Personal Development in 30 Minutes or Less
Thursday, December 7, 2017
by: Liz Elkins, GRCP, Compliance Policy and Corporate Communications Associate, Firm Solutions

Section: WILLed Q4 2017 (Please click on article title to read full article)

Time is a precious commodity, whether you’re taking the first steps of your career journey or you’re a seasoned traveler well on your way. Professional, personal, and social responsibilities all require your attention, and it’s not uncommon to have to make a difficult decision between two or more items multiple times a day. With such busy schedules, it can be easy for some things, like personal development, to fall by the wayside.

We’ve all heard the reasons. We’ve probably even used them ourselves. Personal development takes too much time when you already have so many other things to do. It’s not that important. It’s not going to help me do my job any better than I already do it today.

As we strive to further our careers, however, personal development is a tool that we should keep sharpened and by our side. It can help us to cut through the weeds that try to distract us from our true goals, and it can make us shine in our respective field. Additionally, self-improvement can help to enrich every aspect of our lives, from job performance to interpersonal communication, to personal responsibility and beyond.

But how do we fit such continuous growth into an already overflowing schedule? Making time isn’t always an option; therefore, it’s important to find and utilize those little pockets of time that we may not even realize we have.  Audiobooks and podcasts are a great way to make use of the time you spend doing menial activities. While your hands are busy with the steering wheel or a vacuum cleaner, you can listen and learn about a myriad of topics. Many of us travel for work as well; awaiting plane departures and time spent in the air can be supplemented with audio learning tools aimed at improving self-growth and awareness. If you’re not a fan of the audiobook format, you also have the option of obtaining a membership to sites such as Soundview ( to access in-depth summaries of top business books.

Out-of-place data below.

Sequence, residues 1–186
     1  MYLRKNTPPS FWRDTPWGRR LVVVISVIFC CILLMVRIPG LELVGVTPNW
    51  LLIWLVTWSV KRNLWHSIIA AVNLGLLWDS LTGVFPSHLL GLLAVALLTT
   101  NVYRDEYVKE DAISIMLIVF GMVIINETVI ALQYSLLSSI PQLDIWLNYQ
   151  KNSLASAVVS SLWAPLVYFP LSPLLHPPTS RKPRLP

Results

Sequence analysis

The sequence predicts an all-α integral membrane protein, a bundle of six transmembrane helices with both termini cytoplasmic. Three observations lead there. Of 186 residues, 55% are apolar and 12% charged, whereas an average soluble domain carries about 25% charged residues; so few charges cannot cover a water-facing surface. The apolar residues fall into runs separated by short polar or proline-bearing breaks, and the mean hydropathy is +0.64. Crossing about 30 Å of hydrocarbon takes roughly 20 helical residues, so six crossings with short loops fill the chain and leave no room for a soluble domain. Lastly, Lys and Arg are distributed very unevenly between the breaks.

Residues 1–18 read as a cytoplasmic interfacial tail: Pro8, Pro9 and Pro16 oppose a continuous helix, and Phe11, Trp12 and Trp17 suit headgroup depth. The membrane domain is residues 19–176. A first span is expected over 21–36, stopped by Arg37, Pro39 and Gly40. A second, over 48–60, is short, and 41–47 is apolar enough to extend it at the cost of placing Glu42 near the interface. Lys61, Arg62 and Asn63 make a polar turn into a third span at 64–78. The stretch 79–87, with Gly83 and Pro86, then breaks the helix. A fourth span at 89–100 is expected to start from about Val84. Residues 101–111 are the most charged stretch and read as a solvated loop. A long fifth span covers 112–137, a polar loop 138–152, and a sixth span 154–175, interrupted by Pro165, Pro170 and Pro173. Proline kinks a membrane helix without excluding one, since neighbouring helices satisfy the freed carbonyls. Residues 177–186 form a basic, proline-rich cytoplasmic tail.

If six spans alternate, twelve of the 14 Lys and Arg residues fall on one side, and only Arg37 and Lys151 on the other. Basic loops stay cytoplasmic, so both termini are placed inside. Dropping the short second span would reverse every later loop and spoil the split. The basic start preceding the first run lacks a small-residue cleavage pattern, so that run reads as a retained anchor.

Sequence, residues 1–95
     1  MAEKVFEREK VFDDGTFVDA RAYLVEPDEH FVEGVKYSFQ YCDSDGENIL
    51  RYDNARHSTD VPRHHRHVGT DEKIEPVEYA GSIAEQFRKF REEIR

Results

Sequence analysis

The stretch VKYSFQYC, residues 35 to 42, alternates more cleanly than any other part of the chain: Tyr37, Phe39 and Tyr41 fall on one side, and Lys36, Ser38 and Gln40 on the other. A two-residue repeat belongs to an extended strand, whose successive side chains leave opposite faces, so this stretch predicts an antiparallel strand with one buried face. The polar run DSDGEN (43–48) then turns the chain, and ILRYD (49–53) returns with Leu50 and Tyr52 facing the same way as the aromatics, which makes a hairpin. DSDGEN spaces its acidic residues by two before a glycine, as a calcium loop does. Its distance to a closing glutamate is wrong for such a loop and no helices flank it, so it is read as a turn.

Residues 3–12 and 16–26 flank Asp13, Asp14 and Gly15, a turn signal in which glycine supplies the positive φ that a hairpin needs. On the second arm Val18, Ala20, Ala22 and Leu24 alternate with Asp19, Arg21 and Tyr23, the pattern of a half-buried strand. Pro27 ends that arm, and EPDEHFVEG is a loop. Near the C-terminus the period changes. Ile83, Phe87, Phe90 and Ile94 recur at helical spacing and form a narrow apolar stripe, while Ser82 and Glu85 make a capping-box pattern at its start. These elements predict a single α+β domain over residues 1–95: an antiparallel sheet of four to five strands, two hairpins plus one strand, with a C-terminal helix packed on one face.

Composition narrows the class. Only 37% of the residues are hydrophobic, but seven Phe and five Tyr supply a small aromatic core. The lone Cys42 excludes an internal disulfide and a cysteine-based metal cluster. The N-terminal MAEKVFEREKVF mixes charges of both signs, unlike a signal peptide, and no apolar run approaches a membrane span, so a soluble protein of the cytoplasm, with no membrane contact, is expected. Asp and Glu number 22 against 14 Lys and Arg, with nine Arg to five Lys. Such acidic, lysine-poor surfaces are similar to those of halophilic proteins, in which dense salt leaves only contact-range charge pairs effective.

RSS, a type of web feed that allows users to access updates to online content in a standardized format, is another quick tool you can use. For example, the Harvard Business Review (HBR) provides their own RSS feed to update users on updates to their content. Additionally, many sites (including HBR) offer email subscriptions that provide you with short, digestible tidbits aimed at educating you on a small piece of a larger topic.
Another resource that is often overlooked is your colleagues. Study the people that you spend your day with and find the things that make them good at what they do. Ask them for insights and work to emulate the positive behaviors that you see.

Lastly, many of us learn by doing. Opportunities often arise for us to take part in something that might not be 100% in our wheelhouse. Perhaps you could volunteer to write an article for an industry newsletter to expand your writing skills and knowledge on a certain topic. Additionally, attending an industry event could provide you with an opportunity to challenge yourself to network and collaborate with new people, helping you to grow your interpersonal skills.

Time isn’t always something you can make, especially when large portions of your day belong to the demands of a job and/or family. Instead, keep an eye out for the underutilized time that already exists. Adjusting those small chunks of time to fit in self-improvement can be the big gamechanger in your personal and professional roles. 
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